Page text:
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AlexF

Poor man's collimation tool?

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Is there a method that doesn't require any more purchases to get good collimation?

Thanks.

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Use a old 35mm film canister ( usually can be picked up for free from your local camera shop) drill or cut a large hole in the base 8mm to 10mm diameter. In the centre of the lid drill a 1mm to 2mm hole.

This can be placed in the focuser, instead of the eyepiece, and used to center your eye during collimation. The secondary, main mirror and inside the focus tube should all appear concentric when you're finished. Check by looking at an out of focus star image - should appear evenly illuminated with the dark circle ( the outline of the secondary) in the middle. When you bring the star closer to focus there should be no "rays" or flares to the side etc.

All this for no additonal cost, other than a bit of time and effort.

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If you can afford £6 get a collimation cap. Does the same as above plus you can adjust the primary as well.

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I think in use the collimation cap only differs from a film canister because it has a white transparent face, enabling you to see the centre of the focus tube when collimating. This can be sorted by using a white transparent film tube.

I have one availabe to post to you if you like, FOC.

Andrew

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With my 8-inch dob I always used the film cannister method and it worked well enough (on the comparatively rare times when I needed to collimate).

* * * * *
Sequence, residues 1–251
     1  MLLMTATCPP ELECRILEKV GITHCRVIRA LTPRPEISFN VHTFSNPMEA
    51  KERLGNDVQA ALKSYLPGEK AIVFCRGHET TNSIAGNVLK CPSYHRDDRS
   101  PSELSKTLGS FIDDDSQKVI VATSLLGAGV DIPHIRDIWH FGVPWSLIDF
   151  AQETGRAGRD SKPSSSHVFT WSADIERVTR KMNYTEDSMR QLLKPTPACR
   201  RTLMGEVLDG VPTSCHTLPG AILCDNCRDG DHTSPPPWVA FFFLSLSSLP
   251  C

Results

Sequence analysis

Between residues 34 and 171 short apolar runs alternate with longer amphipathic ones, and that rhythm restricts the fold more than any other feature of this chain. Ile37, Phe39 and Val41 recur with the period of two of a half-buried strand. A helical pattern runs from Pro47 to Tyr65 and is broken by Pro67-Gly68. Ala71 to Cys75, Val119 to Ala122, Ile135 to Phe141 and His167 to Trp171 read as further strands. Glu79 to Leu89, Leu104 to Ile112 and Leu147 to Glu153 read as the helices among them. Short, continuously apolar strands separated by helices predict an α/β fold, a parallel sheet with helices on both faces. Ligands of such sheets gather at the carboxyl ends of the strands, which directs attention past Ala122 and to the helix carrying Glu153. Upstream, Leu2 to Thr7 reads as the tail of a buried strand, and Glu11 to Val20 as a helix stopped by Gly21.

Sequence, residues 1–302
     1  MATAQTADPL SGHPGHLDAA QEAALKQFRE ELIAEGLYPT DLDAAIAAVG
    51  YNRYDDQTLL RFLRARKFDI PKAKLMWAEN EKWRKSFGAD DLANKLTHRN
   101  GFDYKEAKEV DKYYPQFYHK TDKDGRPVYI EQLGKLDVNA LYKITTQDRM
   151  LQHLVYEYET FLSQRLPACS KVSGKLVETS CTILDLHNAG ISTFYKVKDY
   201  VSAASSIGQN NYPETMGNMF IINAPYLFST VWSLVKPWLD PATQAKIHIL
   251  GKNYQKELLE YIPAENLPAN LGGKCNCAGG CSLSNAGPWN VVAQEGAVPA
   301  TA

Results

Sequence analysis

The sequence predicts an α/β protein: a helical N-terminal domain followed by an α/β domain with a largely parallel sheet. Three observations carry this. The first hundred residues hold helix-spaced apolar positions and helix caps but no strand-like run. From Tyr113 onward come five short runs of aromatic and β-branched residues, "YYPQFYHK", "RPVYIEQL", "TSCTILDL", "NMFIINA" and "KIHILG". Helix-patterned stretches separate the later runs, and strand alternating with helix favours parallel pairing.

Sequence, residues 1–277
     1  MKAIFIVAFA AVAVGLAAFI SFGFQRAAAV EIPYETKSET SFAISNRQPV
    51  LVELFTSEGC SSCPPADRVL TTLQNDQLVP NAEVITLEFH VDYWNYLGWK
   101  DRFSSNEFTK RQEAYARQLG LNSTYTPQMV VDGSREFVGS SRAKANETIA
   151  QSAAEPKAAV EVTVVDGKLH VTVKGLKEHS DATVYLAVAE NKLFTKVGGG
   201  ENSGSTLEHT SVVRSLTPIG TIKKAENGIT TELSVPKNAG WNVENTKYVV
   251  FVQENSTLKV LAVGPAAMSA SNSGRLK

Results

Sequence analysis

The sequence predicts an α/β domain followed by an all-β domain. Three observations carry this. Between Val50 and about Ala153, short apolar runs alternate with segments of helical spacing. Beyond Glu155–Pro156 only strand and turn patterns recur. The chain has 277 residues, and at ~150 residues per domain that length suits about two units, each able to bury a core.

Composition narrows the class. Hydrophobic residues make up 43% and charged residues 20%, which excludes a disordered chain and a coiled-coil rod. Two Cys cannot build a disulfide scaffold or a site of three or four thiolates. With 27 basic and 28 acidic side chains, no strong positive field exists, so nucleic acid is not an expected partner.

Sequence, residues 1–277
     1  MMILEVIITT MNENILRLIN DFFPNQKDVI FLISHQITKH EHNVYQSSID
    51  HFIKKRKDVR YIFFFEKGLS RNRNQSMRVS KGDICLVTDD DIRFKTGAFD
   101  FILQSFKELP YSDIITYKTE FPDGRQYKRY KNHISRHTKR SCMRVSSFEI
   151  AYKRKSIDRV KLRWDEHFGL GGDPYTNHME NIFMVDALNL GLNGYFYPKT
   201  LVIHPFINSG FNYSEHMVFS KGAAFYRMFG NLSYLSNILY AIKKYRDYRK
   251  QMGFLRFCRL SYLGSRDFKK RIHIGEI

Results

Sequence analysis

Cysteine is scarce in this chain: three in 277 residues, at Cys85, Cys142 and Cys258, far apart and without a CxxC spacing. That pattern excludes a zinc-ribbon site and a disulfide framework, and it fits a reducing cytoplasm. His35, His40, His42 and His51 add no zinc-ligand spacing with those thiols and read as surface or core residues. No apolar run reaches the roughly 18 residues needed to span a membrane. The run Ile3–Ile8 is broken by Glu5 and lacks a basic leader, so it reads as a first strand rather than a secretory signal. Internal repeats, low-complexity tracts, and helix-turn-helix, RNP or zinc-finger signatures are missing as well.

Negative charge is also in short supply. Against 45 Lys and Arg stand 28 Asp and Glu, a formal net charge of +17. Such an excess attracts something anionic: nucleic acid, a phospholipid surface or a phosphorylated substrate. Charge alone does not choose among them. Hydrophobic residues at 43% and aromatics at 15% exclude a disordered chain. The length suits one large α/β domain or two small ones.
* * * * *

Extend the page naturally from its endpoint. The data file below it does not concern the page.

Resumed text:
On a 6-inch, which I believe you have, it should work just as well. Once you're collimated then it should stay that way for a very long time (months or years depending how unfussy you are) unless you remove mirrors for cleaning or give the scope a serious bump.

The cannister has drawbacks, of course. You've got to use your own judgement about when things are centred. And if you need to move away from the eyepiece to adjust the primary (as I had to with the long-tubed 8-inch) it's very hard to work out which way things are moving when you twiddle a primary knob. In practice it makes it a two-person job - you look through the eyepiece while your assistant adjusts the primary. (My wife and kids were glad when I invested in a cheshire.)

But for a 6-inch owner on a tight budget, I'd say stick with a film cannister.

Just a thought - has anyone tried adding cross hairs to a film cannister? It would make for greater accuracy - if your eye can focus on them.

If you do end up spending money, get a cheshire rather than a laser. But you really don't need to.

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But for a 6-inch owner on a tight budget, I'd say stick with a film cannister.

Quite adequate if you have the common sense to get a long focus scope in the first place - an f/8 scope is several times easier to collimate, the "sweet spot" is much bigger and the fall off away from it much slower.

You'll end up fine tuning the collimation on a natural star in good seeing anyway. With an f/8 scope, you'll probably find you have it pretty well nailed with just the colli cap. With an f/5 scope, a Cheshire type collimation tool is pretty well a necessity, as is a good sense of humour and/or an infinite supply of patience.